Cosmopolitan, charming, and proper, London is one of my true travel loves. It was my first international business trip in my 20s and I’ve been smitten ever since. (Indianapolis was my very first business trip but there was less smit to be had.)
While squished on the tube with kids and suitcases, I realized I hadn’t ever visited London while on vacation. I’ve always been nuzzling against it in-between work commitments. This time, I could love it freely – or as freely as the pound-to-dollar conversion allows.
Feeling Hot, Hot, Hot
I had never been to London in the summer, which gave me a blind spot when I was booking a flat earlier this year. I was so focused on space for my flailing monkey-children that I didn’t think about the rarity of air conditioning in flats vs. hotels. In a fun coincidence, our third day in town also happened to be the hottest day in London in a decade. Brilliant.
Our American wimpiness to the heat meant we spent a small fortune on bottled water everywhere we went. While my kids may need to step up their self-funding for college, they remained well hydrated while there.
Last Call (Please)
Our flat was on the 5th floor but a chorus of construction greeted us all day and a steady stream of late-night partiers gathered at the outdoor pub across the street until wee-o’clock each night (morning?). We arrived on a Monday and the revelry only got more joyous as the week progressed.
With the temperature climbing to mid-90s during the daytime, we had no option but to leave the windows open to try to catch a scarce breeze. The nights stretched as thick as the humidity and our chatty drinkers were back for more. While I enjoy good cheer, I was praying for a thunderstorm by our last night to send the cheerios teetotaling home.
I’ve been to London frequently enough in the last many years that I have a happy-places collection of which Covent Garden is one. My husband typically has the imbedded GPS instincts, but as I stood at the center of Seven Dials my global satellite flipped on.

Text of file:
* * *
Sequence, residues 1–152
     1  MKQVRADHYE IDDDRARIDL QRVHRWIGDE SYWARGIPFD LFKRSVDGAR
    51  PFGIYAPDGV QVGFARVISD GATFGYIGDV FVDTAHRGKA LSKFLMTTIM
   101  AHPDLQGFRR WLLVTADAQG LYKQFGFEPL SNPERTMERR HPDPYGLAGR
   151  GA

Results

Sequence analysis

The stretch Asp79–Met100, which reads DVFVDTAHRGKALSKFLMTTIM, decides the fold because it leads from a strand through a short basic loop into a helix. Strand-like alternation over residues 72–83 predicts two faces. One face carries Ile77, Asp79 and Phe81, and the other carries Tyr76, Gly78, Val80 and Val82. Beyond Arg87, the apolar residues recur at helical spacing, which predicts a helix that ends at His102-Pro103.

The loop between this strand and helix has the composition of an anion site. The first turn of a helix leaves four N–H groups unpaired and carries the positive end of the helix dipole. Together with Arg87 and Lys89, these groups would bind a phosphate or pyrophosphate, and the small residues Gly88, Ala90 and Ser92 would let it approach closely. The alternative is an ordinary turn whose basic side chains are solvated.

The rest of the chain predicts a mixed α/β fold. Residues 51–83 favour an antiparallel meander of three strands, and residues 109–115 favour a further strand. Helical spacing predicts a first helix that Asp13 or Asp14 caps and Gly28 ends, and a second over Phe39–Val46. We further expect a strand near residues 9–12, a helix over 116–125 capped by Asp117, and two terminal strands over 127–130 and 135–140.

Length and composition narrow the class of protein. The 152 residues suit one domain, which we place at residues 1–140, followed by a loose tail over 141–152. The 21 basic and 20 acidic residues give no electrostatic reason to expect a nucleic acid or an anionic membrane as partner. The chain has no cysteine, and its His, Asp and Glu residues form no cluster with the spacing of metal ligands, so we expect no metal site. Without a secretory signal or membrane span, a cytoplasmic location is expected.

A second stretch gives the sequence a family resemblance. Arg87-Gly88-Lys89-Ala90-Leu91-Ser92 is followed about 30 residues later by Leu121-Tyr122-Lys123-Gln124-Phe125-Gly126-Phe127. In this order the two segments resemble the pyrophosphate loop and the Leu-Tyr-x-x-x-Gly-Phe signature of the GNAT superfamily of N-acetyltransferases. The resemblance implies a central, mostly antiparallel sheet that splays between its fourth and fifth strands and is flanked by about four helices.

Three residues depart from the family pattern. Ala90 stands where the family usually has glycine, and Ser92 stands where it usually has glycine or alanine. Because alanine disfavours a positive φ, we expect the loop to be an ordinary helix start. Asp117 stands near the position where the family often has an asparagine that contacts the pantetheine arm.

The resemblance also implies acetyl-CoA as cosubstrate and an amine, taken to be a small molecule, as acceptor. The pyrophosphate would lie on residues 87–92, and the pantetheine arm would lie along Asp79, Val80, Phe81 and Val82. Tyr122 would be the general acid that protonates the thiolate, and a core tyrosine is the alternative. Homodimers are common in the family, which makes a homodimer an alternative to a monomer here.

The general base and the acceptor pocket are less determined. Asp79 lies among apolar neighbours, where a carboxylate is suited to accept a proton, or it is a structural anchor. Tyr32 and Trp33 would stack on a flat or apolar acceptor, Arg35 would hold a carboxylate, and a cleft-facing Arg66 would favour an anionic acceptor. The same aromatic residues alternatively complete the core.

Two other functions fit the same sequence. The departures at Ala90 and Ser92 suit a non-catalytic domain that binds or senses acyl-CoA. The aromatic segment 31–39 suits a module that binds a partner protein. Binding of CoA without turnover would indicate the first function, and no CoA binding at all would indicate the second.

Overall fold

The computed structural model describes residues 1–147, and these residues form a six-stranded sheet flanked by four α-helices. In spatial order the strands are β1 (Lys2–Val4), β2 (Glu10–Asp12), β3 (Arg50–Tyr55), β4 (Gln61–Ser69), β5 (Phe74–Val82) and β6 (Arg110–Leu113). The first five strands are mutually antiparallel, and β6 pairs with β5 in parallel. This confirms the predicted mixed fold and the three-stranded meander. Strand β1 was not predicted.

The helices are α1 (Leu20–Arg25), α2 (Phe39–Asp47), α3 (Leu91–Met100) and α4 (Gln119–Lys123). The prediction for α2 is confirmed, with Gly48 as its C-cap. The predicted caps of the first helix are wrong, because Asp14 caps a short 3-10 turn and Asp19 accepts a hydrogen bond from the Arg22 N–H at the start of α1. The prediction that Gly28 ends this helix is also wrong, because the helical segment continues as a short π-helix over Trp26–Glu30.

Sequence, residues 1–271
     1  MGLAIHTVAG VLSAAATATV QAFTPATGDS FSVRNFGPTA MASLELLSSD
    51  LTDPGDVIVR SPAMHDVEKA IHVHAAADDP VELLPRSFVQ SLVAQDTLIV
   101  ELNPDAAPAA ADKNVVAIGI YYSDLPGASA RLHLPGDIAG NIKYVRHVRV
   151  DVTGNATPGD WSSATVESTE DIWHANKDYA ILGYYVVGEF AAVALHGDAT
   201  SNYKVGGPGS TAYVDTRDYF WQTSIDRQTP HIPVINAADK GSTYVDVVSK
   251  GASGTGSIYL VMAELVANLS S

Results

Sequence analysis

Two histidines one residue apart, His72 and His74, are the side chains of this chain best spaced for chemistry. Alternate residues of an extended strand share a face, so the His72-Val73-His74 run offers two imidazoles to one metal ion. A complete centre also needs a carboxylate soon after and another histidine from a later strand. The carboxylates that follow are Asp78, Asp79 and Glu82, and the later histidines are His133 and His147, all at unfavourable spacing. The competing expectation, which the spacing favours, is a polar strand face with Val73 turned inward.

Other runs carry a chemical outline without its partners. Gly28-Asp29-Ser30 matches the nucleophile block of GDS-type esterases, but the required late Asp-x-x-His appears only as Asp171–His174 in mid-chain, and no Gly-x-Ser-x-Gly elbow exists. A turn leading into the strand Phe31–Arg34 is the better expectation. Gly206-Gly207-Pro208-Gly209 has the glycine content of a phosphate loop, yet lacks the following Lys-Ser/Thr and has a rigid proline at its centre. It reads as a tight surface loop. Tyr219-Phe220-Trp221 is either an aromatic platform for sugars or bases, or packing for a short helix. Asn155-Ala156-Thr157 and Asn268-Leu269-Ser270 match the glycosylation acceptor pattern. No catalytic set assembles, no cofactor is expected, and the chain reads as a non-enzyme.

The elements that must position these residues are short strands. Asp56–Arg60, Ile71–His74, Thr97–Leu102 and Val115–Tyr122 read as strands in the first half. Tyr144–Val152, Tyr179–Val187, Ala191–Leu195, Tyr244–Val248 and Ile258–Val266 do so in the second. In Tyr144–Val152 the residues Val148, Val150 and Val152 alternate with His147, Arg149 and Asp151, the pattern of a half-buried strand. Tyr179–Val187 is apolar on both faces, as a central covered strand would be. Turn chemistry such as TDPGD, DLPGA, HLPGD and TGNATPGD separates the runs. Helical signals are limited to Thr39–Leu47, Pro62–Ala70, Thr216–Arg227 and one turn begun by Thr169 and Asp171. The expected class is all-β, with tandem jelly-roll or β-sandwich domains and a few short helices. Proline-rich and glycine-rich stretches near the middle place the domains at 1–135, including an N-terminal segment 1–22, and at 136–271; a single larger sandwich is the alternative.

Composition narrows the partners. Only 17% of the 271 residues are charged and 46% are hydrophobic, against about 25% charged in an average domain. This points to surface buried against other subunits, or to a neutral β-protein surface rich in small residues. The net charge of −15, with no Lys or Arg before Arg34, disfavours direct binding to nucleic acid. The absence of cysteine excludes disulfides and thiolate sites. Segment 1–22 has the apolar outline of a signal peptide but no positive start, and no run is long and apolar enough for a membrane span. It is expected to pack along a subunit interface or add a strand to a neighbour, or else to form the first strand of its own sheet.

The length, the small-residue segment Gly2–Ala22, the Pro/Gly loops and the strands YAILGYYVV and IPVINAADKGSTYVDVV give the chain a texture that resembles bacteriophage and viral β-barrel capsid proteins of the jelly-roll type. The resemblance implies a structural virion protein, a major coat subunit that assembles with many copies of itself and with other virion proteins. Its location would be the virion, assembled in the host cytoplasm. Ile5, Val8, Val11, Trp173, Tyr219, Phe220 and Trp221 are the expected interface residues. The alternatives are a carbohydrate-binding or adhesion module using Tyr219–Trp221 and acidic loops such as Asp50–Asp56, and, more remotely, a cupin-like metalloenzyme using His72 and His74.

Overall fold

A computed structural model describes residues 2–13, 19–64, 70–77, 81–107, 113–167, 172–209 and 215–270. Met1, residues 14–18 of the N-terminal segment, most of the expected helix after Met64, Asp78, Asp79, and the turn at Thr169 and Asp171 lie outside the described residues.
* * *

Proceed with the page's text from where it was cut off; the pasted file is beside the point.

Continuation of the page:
One stop I always make is Giovanni’s, a small Italian restaurant down an alley in the bustling theatre district. I first stumbled onto this dozen-ish table restaurant many years ago while tagging along with a colleague who spotted a review in a tiny book (remember books for travel?).
I’ve been coming back to see Pino, the feisty Sicilian owner, for many years and with many friends. It holds more memories for me than any other London spot so it was great fun to have Pino plop at our table, select my wine, and joke with the boys. He gave my husband the tour of pictures on his wall of well-known pasta lovers like Frank Sinatra and David Hasselhoff (there’s spaghetti on the menu named after him). He pulled out his phone and showed us a picture of John Goodman and his wife, who were just in, and said Bradley Cooper was coming later in the week. I’m hoping he puts him on the menu.
As we were saying our goodbyes, another diner arrived and Pino was delighted to introduce her as a magician. Before we could say abracadabra, she immediately put the kids to work on tricks with napkins on fire, string reconnected, and smiles all around. “Dinner and a show, Pino!” I said with a final hug. “Not just any show,” he said. “That’s Fay Presto. She’s performed for the Queen.” And an impromptu performance for my little American kings.
I was also able to catch up with a couple friends and loved wandering around post-meal/drinks with good people at my side. I’ve always felt safe exploring London at any time of day. It may be naiveté that comforts me but, like any first love, the tickling of danger is tucked into the fuzzy edge of the picture.
While strolling with the kids one day, I let them pick which way to go at intersections so we could round-about along the streets. We came upon a book store and clomped up and down the wooden stairs looking at the wares. I noticed a sign in the window for tarot card readings and found myself in a plastic chair across from Cilla. I plucked cards from her hands and she spread them on the table. She clucked and hmmm-ed and talked about the great crossroad I’ve been at and how the work has been done, now laid aside.
A happiness card appeared, a tree full of red fruit with a woman reaching for one. “This is about selecting the right happiness,” she said. “Not the biggest one or picking for others. Just the right one for you.” Clarifying cards were flicked over and all had the same theme: rebirth, harvest, creation, emergence.
The kids watched this elaborate card shuffle and Cilla invited them to pick their own cards which revealed bravery, journeys, and the rewards of hard work. As she turned back to my reading, she asked the kids what they thought it meant.
“Face the fear,” Brady said right away.
I couldn’t have written anything better.
American Travel Nerds continues on the sea. Stay tuned for quirky cruise adventures.